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Forestry Volunteering

Forestry volunteering opportunities

Volunteering can make a real difference to your own employability but also to the long term success of organisations you volunteer for. Volunteers within the forestry and woodland sector are provided with the opportunity to gain new or build on existing skills, knowledge and experience. There are a range of different opportunities within forestry from practical woodland management to supporting the long term aspirations or aims of a forestry charity/organisation.

There are many reasons why people choose to volunteer both personally and professionally. For some volunteering is an opportunity to build their skills, knowledge and employability and at the same time their CV. For those looking for volunteer opportunities to boost employability remember what the right volunteer opportunity can do for you;

  •  Improve or learn new forestry and urban forestry practical skills
  •  Develop a greater knowledge of forestry and urban forestry methods and ways of working
  •  Gain further experience of working within the forestry and urban forestry sector
  •  Volunteering provides you with the opportunity to give specific examples of employment skills, responsibilities and achievements when apply for jobs
  •  Volunteering with a forestry or urban forestry employer provides you with an industry associated referee
  •  Some volunteer posts will provide you with professional training
  •  Volunteering provides you with the perfect opportunity to demonstrate your skills to others within the industry. Volunteering will never guarantee you employment but you may one day be employed by or even employ someone who you met while volunteering.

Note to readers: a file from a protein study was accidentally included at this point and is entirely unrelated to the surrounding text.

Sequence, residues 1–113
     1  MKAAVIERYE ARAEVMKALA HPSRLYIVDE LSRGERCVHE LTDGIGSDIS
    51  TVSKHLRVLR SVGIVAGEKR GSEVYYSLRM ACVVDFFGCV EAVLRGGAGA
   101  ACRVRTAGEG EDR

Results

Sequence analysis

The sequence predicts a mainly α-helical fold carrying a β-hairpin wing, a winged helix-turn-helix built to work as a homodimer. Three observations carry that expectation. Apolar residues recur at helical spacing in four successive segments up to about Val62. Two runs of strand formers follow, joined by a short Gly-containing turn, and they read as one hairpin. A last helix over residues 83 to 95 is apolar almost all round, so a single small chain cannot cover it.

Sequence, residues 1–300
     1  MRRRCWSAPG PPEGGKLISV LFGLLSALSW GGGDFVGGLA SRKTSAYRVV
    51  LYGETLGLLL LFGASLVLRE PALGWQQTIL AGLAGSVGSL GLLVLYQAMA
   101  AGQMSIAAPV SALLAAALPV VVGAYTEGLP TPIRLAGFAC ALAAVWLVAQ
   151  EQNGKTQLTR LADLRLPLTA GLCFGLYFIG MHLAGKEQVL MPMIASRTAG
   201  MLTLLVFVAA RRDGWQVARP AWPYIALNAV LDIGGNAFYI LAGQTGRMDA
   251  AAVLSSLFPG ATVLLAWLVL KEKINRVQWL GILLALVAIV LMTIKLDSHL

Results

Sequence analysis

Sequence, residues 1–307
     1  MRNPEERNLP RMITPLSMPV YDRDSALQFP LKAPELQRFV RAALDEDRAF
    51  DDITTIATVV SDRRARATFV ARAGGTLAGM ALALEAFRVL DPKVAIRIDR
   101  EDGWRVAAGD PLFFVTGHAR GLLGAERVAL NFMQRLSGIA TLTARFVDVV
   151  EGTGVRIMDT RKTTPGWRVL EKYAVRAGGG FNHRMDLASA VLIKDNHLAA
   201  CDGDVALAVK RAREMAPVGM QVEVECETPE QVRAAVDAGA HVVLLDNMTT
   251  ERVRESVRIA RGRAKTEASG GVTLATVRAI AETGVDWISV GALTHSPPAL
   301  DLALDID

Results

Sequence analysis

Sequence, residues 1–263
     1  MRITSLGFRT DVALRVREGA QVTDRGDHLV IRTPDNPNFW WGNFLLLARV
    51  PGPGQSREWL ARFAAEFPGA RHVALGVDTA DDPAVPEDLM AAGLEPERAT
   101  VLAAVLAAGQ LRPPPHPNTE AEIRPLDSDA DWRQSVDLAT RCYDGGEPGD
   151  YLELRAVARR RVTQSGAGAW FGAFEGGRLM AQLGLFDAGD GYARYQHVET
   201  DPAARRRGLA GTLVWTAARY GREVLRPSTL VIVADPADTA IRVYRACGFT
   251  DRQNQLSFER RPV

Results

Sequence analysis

For others volunteering is a more selfless act, instead it is seen as an opportunity to improve social, health or community wellbeing. For those who volunteer for a more personal reason the value of volunteering within the forestry and urban forestry sector are still as rewarding;

  •  Give something back to an organisation that has impacted on a person’s life, either directly or indirectly
  •  Improve personal physical and mental health and at the same time social wellbeing.
  •  Make a difference to the lives of others including humans, flora and fauna.
  •  Assist with improving or maintaining valuable trees, woods and forests.
  •  Help others who cannot achieve what you are able to do
  •  Feel valued and part of a team and make new friends
  •  Spend quality time away from work or a busy lifestyle in amazing environments
  •  Gain confidence, self-esteem  a sense of achievement and fulfilment.

You should be aware of some of the mistakes people make when applying to volunteers. The following are some common misconceptions that often leave people disappointed after volunteering.

  •  While some volunteer posts lead to the offer of a paid job this is not common practice so don’t apply for a volunteer post assuming you will get a job offer.
  •  Volunteering posts still require you to meet the professional and legal standards of the organisation and thus require you to follow the same rules and producers as an employee of the organisation you are volunteering for.
  •  Do not assume that because you are volunteering that an organisation should just be grateful of your presence. Volunteer posts often require you to work on specific tasks and to meet set deadlines so you shouldn’t assume that because you are volunteering you will be allowed to “do what you want”.

Below is a selection of links to organisations advertising volunteer opportunities to help you find a volunteering opportunity that suits you.

Volunteering in the UK

Volunteering in the US